InWorldz charges $75 rent per month (no setup fee) but offers 30,000 prims for mainland sims and 30,000 to 45,000 prims for pivate islands. The high prim offering has caused a few raised eyebrows from Opensim core developers and those opposed to walled-garden grids who insist no Opensim grid can reliably handle more than 15,000 prims which, incidentally, is the maximum that Second Life offers. What they say is, while it is possible to set a sim to permit more than 15,000 prims, it is not advised since it puts a heavy load on the server. This becomes more critical when people are asked to pay rent for sims on shared resources where a heavy user can impact on the rest causing excessive lag for all. Anyway, that aside, InWorldz has some coders that came with the migration from OpenLife and they promised to improve the core Opensim code and put right all the bugs and missing functions they insisted had not been adequately dealt with by the core developers when they accused them of concentrating on "shinnies" such as media on a prim and Hypergrid rather than cleaning up the core which they described as a mess. InWorldz no longer takes the Opensim core so has become a forked version too which is exactly the same as what happened with OpenLife.

On the plus side InWorldz dose have the reputation of being friendly and welcoming to new comers and they have attracted several role play groups to their fold, including, the Reaglen Shire tiny community and elfclan. The owners appear to go out of their way to be helpful and are quick to show noobs where to find freebies to fix up their basic "ruthed" avatar. Avination by contrast is not so welcoming and some have said their business-like attitude is reflected in their welcome sim which, I can vouch, dose seem bleak and rarely has anyone to greet noobs. But, bleak and un-welcoming as Avination appears they do have their plus side. For one, you get a de-noobed avatar to begin your adventure with so freebies are not your first consideration. For an Opensim grid lag is surprisingly low though and I personally have only ever crashed once when my viewer froze trying to access search. A change of viewer fixed it and all was well again. I had no problem with search after that.

InWorldz dose suffer a great deal of lag and many have noted this which is probably due to the high prim load on the servers and not necessarily to inadequate resources in general.  OSgrid, the official Opensim developers test grid that lets anyone to connect a home standalone sim, also suffers horrendous lag on some of those standalone sims which are most often hosted on home PCs with standard home DSL connection. Sims like these can only handle a low prim environment and two or three avatars at most before lag becomes a problem. As far as concurrency is concerned, OSgrid fairs quite well with peeks of around 150 users online. But this is miss-leading really because the main grid can't account for all the Hypergrid connected regions and there are a lot.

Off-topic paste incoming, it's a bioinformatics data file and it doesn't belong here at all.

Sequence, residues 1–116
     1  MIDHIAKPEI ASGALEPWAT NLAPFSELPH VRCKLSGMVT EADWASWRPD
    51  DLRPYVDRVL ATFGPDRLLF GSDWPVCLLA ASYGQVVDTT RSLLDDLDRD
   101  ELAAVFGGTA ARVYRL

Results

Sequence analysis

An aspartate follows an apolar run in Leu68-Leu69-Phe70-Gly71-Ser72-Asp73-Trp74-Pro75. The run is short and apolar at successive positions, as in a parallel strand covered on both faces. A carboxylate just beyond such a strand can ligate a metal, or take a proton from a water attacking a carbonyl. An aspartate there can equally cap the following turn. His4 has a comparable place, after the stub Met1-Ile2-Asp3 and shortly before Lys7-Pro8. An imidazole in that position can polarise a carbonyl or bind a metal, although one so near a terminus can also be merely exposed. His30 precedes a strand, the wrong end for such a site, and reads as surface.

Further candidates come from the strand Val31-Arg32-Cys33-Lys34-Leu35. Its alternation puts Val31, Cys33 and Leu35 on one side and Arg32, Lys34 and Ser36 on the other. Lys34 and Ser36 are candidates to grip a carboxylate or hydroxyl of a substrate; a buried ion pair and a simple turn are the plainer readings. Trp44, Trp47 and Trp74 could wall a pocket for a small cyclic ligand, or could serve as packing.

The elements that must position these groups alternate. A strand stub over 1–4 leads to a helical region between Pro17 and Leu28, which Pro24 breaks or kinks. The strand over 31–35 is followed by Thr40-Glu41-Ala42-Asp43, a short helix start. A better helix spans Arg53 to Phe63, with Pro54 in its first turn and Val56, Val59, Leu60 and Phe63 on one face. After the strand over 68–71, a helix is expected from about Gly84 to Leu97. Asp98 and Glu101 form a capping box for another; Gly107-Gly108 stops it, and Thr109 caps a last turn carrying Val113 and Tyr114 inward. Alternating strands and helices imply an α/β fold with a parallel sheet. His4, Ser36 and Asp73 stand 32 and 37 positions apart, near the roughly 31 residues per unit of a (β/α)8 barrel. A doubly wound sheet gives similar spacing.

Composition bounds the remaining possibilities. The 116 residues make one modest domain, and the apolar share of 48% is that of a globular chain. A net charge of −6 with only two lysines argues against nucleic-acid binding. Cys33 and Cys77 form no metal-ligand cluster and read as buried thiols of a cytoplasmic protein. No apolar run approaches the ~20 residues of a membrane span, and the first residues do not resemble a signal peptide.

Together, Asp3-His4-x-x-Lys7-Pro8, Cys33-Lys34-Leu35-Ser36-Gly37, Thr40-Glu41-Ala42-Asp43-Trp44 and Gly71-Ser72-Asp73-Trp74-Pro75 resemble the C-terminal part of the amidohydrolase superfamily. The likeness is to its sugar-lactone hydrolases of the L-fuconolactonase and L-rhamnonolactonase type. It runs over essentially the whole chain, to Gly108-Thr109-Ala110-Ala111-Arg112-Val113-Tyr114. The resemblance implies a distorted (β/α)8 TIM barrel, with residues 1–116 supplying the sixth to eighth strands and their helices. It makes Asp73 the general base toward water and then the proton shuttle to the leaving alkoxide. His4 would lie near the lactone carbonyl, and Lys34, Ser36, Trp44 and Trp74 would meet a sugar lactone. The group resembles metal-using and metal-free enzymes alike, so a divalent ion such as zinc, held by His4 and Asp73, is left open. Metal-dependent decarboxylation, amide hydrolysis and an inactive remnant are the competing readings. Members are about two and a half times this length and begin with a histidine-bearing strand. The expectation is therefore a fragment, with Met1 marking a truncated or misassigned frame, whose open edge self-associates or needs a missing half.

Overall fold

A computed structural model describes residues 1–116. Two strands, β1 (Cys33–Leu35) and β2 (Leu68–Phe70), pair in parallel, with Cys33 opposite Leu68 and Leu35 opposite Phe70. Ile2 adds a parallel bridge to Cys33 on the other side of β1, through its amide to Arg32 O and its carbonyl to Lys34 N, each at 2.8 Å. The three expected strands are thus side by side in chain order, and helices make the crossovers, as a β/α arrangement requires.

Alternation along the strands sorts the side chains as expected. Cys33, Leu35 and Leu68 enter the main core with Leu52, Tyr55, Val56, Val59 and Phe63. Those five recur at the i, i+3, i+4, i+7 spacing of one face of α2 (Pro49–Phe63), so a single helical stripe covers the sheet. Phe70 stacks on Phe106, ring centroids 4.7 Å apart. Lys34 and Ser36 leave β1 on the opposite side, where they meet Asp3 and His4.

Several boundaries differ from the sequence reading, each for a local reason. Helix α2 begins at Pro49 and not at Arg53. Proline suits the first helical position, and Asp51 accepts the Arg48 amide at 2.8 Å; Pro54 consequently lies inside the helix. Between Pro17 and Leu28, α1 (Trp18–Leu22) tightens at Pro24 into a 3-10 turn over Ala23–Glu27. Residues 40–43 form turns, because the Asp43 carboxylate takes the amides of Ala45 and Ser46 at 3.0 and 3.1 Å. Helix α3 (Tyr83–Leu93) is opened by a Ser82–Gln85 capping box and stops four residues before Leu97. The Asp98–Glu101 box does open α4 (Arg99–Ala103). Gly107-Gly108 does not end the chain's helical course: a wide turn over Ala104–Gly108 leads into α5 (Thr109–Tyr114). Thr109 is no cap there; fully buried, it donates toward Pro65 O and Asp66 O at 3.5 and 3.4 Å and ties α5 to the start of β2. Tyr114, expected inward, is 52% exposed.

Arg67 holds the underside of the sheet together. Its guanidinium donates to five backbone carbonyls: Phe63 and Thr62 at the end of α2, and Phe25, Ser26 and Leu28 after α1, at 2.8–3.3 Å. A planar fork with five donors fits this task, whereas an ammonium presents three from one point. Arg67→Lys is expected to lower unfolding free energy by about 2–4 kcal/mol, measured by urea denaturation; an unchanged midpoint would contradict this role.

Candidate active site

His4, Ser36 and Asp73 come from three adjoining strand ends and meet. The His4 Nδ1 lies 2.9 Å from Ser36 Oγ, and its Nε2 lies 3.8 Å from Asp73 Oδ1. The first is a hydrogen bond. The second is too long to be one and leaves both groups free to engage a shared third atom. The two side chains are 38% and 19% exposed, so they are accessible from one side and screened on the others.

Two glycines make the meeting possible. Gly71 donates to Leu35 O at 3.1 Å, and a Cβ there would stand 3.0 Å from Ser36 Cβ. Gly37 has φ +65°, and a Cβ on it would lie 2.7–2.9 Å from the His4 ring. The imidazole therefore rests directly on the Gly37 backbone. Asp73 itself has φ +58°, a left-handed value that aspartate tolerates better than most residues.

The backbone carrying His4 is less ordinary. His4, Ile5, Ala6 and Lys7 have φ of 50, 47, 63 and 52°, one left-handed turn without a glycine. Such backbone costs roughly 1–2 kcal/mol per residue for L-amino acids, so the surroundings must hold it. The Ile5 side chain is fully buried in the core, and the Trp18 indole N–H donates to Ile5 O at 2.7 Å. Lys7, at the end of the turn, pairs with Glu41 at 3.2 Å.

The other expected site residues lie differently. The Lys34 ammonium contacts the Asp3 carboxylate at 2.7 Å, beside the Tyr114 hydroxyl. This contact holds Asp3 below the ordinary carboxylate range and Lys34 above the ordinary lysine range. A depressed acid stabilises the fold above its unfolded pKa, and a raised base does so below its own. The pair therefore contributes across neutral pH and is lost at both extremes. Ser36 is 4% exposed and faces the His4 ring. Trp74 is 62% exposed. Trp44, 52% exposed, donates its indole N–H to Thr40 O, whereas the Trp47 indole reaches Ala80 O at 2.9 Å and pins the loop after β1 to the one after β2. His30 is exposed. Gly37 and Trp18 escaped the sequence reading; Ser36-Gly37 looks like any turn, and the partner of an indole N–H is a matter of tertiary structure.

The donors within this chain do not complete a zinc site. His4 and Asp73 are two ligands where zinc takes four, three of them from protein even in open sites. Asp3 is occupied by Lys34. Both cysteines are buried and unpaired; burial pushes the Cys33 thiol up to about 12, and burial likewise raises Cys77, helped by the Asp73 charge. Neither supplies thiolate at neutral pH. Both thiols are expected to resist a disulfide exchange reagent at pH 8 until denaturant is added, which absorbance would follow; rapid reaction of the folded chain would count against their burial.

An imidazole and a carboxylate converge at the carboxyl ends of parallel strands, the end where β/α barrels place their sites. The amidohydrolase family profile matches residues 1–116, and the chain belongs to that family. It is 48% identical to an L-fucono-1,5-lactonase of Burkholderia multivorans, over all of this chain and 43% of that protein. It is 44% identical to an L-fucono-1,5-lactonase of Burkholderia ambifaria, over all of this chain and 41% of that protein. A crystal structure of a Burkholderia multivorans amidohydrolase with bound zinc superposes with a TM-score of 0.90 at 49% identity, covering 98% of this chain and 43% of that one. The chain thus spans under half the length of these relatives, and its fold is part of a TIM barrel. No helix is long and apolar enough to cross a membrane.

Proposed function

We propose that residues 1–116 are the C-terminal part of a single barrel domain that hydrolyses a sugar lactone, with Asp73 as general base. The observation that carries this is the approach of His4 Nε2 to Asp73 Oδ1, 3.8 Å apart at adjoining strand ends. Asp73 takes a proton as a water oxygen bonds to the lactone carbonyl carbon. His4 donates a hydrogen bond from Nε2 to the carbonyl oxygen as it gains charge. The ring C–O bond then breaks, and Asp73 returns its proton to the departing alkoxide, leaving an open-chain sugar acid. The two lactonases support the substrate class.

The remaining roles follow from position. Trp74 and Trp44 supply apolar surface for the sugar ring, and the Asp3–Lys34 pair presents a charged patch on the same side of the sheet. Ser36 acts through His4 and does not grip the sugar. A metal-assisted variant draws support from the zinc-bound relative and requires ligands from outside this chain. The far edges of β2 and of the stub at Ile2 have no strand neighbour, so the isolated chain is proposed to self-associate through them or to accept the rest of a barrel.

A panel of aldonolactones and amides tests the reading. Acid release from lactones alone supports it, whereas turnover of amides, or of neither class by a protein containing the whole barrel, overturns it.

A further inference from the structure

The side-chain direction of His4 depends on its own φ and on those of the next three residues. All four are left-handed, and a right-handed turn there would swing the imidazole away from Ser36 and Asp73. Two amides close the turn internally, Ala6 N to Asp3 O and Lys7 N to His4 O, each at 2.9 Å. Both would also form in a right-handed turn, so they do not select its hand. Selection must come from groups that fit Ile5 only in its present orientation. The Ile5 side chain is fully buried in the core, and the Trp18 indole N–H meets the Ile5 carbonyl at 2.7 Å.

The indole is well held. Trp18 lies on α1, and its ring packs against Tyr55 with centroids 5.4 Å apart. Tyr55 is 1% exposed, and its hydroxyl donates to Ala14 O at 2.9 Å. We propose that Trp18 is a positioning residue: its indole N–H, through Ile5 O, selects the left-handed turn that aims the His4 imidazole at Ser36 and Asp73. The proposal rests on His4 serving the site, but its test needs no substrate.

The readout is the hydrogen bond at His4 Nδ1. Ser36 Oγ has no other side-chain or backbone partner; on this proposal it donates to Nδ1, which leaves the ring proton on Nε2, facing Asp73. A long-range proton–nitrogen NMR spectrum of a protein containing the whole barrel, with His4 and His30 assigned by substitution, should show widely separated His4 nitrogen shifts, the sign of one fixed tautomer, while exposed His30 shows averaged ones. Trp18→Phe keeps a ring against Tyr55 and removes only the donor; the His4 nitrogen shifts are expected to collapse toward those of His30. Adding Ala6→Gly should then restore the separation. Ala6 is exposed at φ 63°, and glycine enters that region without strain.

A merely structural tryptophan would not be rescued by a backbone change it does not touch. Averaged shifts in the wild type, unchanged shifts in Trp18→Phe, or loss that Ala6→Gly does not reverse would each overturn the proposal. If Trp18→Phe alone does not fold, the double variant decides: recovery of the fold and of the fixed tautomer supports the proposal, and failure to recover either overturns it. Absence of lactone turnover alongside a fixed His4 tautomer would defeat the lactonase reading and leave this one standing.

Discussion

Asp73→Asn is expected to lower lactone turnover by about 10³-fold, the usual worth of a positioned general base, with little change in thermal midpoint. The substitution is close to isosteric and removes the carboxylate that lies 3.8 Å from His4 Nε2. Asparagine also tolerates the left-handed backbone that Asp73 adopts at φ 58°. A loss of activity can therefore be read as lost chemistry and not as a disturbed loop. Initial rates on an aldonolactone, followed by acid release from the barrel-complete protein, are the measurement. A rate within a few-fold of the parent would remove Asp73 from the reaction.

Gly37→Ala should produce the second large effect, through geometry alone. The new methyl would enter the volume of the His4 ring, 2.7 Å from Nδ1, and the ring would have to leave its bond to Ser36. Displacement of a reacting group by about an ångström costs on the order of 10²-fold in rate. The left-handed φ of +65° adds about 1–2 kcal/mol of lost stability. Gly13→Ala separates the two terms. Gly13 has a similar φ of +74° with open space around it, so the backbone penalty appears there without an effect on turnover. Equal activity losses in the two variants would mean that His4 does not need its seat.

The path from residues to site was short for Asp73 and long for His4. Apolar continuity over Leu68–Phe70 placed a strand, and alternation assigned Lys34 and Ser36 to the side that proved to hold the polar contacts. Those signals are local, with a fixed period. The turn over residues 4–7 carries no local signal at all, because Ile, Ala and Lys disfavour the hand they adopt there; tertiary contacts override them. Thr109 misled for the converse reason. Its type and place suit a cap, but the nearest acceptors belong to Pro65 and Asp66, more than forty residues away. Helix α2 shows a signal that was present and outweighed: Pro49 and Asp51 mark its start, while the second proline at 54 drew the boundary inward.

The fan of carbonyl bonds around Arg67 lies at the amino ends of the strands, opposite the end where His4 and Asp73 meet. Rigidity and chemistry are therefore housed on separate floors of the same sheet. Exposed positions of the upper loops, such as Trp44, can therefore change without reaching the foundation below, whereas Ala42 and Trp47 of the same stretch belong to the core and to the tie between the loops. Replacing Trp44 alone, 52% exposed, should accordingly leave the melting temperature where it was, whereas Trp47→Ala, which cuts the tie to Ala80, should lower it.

One other grid I should mention is  ScienceSim which has backing from such big names as Intel and IBM. I noticed the grid has dramatic swings in user concurrency, ranging between 100 off-peek to over 1000 peek. This may be due to load testing - I don't know for sure - or their connection with education. I'm not really up on what happens at Sciencesim but I do know Diva Canto, creator of Hypergrid, set an outward bounds permission for them recently which allows Hypergrid teleports into the grid but prevents inventory gained on the grid from leaving it.

New grids are coming on to the free metaverse all the time and each seems to be either catering to a particular niche or, in the case of commercial grids, selling themselves as a particular business model they believe will attract customers. InWorldz focuses on community while Avination focuses on content sellers. Both these grids sim prices are about level pegging though. Meta7 on the other hand is more expensive with charges $105 for a sim but they do focus on technical advances. Another grid aiming to go live soon also has higher sim charges, AvWorlds will charge $120 for a sim but the owner says he will give up to 25% discount to large land owners that rent out parcels at lower prices. They also promise to encourage in-world sales by only showing pictures of virtual goods on their web site and a link back in-world to the store in order to keep buyers patronizing the malls and business sims. No doubt there will be winners and losers but the free metaverse is really starting to take off so the traffic away from SecondLife is set to accelerate.

There are many more grids but most are small or hidden behind fire walls such as those run by colleges, universities and business interests so it is hard to really get a reliable figure on over all concurrency for Opensim grids but it must be in the thousands now. SecondLife can show a figure for the grid because it is all under one roof but Opensim grids can be set up by anyone with a server and a connection and this is what makes it near impossible to build an accurate picture of it's total traffic. However, what is absolutely certain now is that free metaverse based on Opensim grids are posing a serious challenge to SecondLife and it's getting bigger.